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File:Kinect mount4.jpg|Carefully turning over the bottom metal plate shows the motor for the base, disconnect this.
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File:Kinect mount5.jpg|Cut a V shape hole through the plate closest to the sensor head with the heavy duty shears.  Be very careful of the cameras at this point since this is the most likely spot to damage the Kinect.
 
File:Kinect mount6.jpg|Shows the completed V shape cutout
 
File:Kinect mount6.jpg|Shows the completed V shape cutout
 
File:Kinect mount7.jpg|This should allow you to turn the top plate 90 degrees and slide it out now
 
File:Kinect mount7.jpg|This should allow you to turn the top plate 90 degrees and slide it out now
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File:Kinect mount10.jpg|Bend the encasing back and forth with the needle nose pliers to fatigue it.  Doing this at both sides causes the encasing to fracture at the two screw heads.
 
File:Kinect mount10.jpg|Bend the encasing back and forth with the needle nose pliers to fatigue it.  Doing this at both sides causes the encasing to fracture at the two screw heads.
 
File:Kinect mount11.jpg|You should now be able to remove the collar piece with only the stem and Kinect sensor remaining.  It is probably wise to use some electrical tape on the two power cables coming down from the stem.  You should also remove the final gear from the stem and keep the screw that held it in place.
 
File:Kinect mount11.jpg|You should now be able to remove the collar piece with only the stem and Kinect sensor remaining.  It is probably wise to use some electrical tape on the two power cables coming down from the stem.  You should also remove the final gear from the stem and keep the screw that held it in place.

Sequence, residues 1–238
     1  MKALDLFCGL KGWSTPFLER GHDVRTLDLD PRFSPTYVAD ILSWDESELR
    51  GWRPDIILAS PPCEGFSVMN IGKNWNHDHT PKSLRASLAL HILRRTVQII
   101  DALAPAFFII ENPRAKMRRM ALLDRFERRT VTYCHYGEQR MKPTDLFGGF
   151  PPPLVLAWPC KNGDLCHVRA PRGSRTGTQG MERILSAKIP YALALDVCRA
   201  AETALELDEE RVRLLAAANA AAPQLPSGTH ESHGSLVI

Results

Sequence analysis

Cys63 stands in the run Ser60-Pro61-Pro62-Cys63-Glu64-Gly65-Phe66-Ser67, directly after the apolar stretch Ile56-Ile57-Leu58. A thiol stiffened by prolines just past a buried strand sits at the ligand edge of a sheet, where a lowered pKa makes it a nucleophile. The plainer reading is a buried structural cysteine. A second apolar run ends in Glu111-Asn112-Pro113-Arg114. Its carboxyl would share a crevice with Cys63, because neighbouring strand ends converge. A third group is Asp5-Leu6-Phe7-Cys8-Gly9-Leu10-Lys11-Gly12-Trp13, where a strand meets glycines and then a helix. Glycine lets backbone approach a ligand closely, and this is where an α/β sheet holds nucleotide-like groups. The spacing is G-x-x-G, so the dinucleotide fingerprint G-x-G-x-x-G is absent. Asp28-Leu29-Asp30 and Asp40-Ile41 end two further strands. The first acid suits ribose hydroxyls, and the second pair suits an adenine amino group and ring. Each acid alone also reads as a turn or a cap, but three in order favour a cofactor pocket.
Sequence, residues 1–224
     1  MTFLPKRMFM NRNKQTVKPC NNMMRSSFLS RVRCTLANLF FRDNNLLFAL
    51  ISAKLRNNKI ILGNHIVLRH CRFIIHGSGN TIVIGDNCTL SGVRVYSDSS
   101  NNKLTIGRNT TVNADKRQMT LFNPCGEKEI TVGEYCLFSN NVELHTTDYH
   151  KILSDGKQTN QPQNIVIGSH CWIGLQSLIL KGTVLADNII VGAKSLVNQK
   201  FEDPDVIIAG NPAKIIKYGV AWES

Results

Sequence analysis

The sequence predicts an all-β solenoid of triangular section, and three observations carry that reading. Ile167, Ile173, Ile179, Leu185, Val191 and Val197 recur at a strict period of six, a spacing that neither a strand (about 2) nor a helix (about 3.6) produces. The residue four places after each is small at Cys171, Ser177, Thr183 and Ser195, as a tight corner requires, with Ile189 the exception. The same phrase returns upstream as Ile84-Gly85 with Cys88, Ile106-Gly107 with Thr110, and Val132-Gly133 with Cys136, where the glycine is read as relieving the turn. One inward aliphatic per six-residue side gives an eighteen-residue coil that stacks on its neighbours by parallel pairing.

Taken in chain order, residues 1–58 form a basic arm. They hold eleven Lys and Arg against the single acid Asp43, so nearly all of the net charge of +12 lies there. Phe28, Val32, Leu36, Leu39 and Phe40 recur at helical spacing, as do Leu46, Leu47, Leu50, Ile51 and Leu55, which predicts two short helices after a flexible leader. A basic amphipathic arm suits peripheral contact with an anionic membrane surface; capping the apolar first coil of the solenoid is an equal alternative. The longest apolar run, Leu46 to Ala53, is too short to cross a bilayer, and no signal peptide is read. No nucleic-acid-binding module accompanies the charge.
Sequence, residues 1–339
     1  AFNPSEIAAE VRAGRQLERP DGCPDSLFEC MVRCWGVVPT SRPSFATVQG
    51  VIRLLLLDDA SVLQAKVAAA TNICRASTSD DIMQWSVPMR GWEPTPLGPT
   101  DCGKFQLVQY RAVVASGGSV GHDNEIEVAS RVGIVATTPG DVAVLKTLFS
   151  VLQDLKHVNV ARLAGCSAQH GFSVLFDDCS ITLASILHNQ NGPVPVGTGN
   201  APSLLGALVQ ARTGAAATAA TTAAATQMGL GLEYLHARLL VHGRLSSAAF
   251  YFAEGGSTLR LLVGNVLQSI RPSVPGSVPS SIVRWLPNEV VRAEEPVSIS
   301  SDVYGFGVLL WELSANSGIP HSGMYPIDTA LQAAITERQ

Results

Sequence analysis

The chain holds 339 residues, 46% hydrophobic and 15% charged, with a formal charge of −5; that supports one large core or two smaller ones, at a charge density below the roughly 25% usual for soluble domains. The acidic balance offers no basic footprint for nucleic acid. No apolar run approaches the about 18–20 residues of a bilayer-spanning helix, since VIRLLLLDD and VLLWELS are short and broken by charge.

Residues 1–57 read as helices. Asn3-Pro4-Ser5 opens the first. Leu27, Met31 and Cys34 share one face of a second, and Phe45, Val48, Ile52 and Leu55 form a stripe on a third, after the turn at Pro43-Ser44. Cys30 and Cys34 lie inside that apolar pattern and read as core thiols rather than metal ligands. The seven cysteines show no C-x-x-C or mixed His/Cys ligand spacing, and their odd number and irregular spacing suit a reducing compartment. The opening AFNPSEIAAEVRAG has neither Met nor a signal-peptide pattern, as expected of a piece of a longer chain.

File:Kinect mount12.jpg|The top piece ([[Media:utm-servo-bracket.sldprt|utm-servo-bracket.sldprt]]) can now be slid into place over the stem.
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File:Kinect mount12.jpg|The [[Media:top_gen.sldprt|top_piece]] can now be slid into place over the stem.
 
File:Kinect mount13.jpg|Now turn the top 90 degrees, making sure the slot is facing towards the back of the sensor.
 
File:Kinect mount13.jpg|Now turn the top 90 degrees, making sure the slot is facing towards the back of the sensor.
File:Kinect mount14.jpg|Attach the shaft piece now (([[Media:utm-servo-bracket.sldprt|utm-servo-bracket.sldprt]]) and use the small philips screwdriver with the original screw that held the  
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File:Kinect mount14.jpg|Attach the [[Media:shaft_gen.sldprt|shaft]] piece now and use the small philips screwdriver with the original screw that held the  
File:Kinect mount15.jpg|
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File:Kinect mount15.jpg|You can now assemble the top and bottom of the plastic mount.  Make sure to get the Kinect cable inside properly to relieve strain.  You can now attach M4 screws to keep the case shut and the shaft in place.
 
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File:Kinect mount15.jpg|holder place for other images from solid works
 
</gallery>
 
</gallery>